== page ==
Molly shook her head, dropping half a Hob Nob back into the grocery bag as she walked. Sorting out her whirring thoughts was going to take a stronger drug than chocolate. She burrowed deep in her handbag, into the zippered pocket she hid her tampons in. From beneath the loose packets, she pulled out the small box and electronic lighter. Pub crawling in university had taught her she was one of the very few people who could be exposed to nicotine without having an addictive reaction. As a pathologist, she knew exactly how bad even an occasional cigarette could be. Naughty Molly, some little bit of her that still remembered how delicious it was to sneak around behind Mommy and Daddy's back grinned and didn't care. She never finished a packet, smoking one or two a year and throwing away the rest when they got stale. Lighting one, she tried to hold in the cough. The rest of the pack and the lighter went in a nearby bin.

She had thought she'd smelled tobacco smoke in the hallway as she had left the morgue. Molly does wonder about his nicotine patches. Sherlock used to smoke almost constantly, but she knew from experience and experimentation that his actual nicotine level must have stayed low due to his usual brands and the rate he inhaled at. He would light one, drag less than a handful of times, and then extinguish it, only to light another a few seconds later. A pipe would have suited him better. They tended to put themselves out, needing to be relit when the smoker was ready.

Greg had hinted at some drug use in Sherlock's past but Molly very deliberately stopped that conversation and never dug deeper. She knew he had been trying to warn her away from the cliffs, but that was information Greg had no right to be passing around.

She had watched Sherlock with the patches, seen him apply multiples almost as an act of bravado. He would gasp, eyes dilating, but it wasn't the patches he was reacting to. It couldn't be. They were designed to never cause an abrupt change in body chemistry, only allowing a tiny amount of nicotine to be absorbed by the skin.

Her theory, which she hoped to never have a chance to test, was that his real addiction was to ritual. The peeling of the cellophane and foil, pulling the paper tubes free of the packet, the flash of ignition from the lighter, now changed to opening individual envelopes, pulling away the plastic liner paper, locating a spot not used for 24 hours, easing air pockets out the edges of the adhesive. If he had used harder drugs, she was willing to bet they required more preparation than merely rolling in paper or pouring in a glass. Really didn't want an answer to that one.

She took another puff, watching glowing bits of red ash swirl away. Molly wondered if John knew that Sherlock had set fire to his previous flat, leading to the move to Baker Street. She wouldn't have known herself except for the body Greg followed to the morgue. Neither man wanted to give her the details, but Sherlock was never arrested, so she assumed it had been neither a crime nor a true accident. The damages weren't too extensive, but it was bad enough that his landlord didn't want him back. She was still storing a few boxes for him under her bed. Sometimes when he was being particularly irritating, she told herself she'd go home and rifle through them, certain that at some level he would know about the invasion. Naughty Molly still hadn't gotten her way and the boxes remained untouched.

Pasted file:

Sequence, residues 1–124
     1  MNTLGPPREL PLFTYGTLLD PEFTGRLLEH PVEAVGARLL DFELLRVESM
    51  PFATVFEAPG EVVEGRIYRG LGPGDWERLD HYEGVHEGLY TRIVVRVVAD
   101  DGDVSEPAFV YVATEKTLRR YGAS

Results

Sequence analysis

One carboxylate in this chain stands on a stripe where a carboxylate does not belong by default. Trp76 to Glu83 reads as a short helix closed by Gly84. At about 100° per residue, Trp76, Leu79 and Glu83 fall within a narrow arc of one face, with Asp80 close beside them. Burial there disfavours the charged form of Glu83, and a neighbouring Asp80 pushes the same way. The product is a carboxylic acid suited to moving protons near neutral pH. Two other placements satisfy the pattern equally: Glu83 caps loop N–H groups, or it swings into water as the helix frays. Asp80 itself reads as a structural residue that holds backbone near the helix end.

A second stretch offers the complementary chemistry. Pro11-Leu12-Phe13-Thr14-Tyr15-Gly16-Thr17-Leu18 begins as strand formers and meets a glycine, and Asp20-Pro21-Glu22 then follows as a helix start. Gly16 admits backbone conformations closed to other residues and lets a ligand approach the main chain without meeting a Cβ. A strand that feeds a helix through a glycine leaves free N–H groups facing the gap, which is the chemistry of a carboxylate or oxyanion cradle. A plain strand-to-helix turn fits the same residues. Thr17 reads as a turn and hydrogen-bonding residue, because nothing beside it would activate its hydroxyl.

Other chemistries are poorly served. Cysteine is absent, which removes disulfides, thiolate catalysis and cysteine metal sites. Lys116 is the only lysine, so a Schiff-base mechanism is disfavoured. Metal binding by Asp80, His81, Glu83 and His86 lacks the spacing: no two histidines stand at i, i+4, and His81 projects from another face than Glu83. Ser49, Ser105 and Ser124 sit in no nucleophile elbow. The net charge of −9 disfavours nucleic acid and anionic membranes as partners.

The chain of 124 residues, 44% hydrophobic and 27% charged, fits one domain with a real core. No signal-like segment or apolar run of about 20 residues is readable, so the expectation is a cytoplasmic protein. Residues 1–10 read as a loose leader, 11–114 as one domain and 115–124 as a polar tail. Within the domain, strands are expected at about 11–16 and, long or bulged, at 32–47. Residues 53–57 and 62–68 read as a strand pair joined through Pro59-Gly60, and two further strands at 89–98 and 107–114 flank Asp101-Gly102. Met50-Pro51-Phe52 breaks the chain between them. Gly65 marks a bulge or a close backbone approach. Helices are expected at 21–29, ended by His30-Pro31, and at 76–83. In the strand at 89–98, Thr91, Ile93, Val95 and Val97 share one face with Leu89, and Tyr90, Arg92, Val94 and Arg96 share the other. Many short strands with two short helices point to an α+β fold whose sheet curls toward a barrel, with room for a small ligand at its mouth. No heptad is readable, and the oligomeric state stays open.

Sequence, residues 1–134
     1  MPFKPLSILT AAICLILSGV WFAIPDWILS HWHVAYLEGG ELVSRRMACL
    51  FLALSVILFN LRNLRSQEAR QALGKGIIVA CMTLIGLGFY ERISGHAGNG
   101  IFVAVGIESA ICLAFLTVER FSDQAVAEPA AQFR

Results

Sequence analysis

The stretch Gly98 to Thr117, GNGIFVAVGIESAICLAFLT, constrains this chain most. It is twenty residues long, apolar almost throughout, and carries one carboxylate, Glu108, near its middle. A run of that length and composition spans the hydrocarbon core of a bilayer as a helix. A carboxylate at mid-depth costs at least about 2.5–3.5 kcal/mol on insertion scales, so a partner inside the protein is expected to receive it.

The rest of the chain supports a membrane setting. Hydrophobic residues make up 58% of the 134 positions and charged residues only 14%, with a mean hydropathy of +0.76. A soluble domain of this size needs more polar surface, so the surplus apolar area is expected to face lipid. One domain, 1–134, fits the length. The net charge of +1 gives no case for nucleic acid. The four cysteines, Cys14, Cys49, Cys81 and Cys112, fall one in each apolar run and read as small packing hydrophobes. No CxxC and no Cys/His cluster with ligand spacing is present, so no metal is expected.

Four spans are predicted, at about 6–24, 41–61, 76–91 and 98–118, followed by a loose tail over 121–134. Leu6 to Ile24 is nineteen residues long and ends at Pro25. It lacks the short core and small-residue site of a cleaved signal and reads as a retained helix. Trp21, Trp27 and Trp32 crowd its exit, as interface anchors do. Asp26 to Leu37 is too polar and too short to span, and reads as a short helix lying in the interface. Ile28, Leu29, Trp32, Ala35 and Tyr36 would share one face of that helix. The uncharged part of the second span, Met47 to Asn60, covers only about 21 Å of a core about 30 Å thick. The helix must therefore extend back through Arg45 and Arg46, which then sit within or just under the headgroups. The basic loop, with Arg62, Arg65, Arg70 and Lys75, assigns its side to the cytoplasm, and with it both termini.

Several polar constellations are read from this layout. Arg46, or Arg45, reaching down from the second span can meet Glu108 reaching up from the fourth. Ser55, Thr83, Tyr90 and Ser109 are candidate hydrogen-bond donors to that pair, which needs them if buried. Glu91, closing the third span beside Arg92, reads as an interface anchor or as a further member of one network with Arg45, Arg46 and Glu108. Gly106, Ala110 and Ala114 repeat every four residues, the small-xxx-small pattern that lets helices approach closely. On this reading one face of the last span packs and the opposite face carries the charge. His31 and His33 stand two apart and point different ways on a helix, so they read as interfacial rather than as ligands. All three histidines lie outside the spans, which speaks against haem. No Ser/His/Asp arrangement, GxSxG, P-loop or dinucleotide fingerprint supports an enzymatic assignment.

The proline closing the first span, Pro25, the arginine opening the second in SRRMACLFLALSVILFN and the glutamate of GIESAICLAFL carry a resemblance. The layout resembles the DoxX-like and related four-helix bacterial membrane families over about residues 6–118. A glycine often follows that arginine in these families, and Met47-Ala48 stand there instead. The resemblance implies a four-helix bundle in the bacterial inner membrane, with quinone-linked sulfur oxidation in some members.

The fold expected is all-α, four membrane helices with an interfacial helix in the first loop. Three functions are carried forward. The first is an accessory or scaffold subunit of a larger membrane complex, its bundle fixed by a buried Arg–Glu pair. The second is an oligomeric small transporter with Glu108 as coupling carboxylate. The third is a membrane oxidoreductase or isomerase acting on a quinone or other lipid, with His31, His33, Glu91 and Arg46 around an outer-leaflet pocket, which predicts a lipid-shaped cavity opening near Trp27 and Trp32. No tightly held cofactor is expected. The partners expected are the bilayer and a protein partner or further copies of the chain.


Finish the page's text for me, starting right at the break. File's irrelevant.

Molly really liked John. Wanted to wring his neck or bop him on the head occasionally, but that was true of anyone. She used to worry about Sherlock passing out from exhaustion or starvation while being dismissed as a whining diva. In a quiet moment, John filled her in on the details. The fasting while Sherlock worked wasn't the best choice he could make, but beyond that lapse, he was eating better than most people. Very low carbohydrates between cases, backing up energy with caffeine and sucrose. The carb overload of a large Chinese dinner after things were completed contributed to his "post case coma" as John called it. No wonder it could put him out like a light! The Consulting Detective brought down by a rice ball! She hid a smirk behind her hand. John would label a blog entry that if she ever told him!

Okay, another sore subject as she flicked the still-burning cigarette away. She thought about talking directly to John about it, but she wasn't confident of her own scars on similar issues. She deeply, dearly wished John hadn't claimed on his blog that Sherlock didn't know the earth revolved around the sun. It didn't seem to have bothered Sherlock, but it bothered her enough to give John the cold shoulder for weeks! She wasn't sure he'd noticed, maybe just thought she was being shy. She had wanted to put him through a wall.

As long as she'd known Sherlock Holmes, almost everyone viewed him one of three ways. The first group, those who wanted to use his abilities, she understood. He craved the best tests, best puzzles, best mysteries and that first group brought some of the best. The second group tried to dismiss him as a self-promoting egotist. Molly would be the first to label him self centered, demanding, difficult to work with. (It had taken her a year to remove "vain" from the list.) All promotion was either John's or outside Sherlock's control. He wasn't asking for keys to the city or buildings to be named after him. Conversely, you didn't tell someone who just performed a beautiful flawless aria that they could carry a tune in a bucket!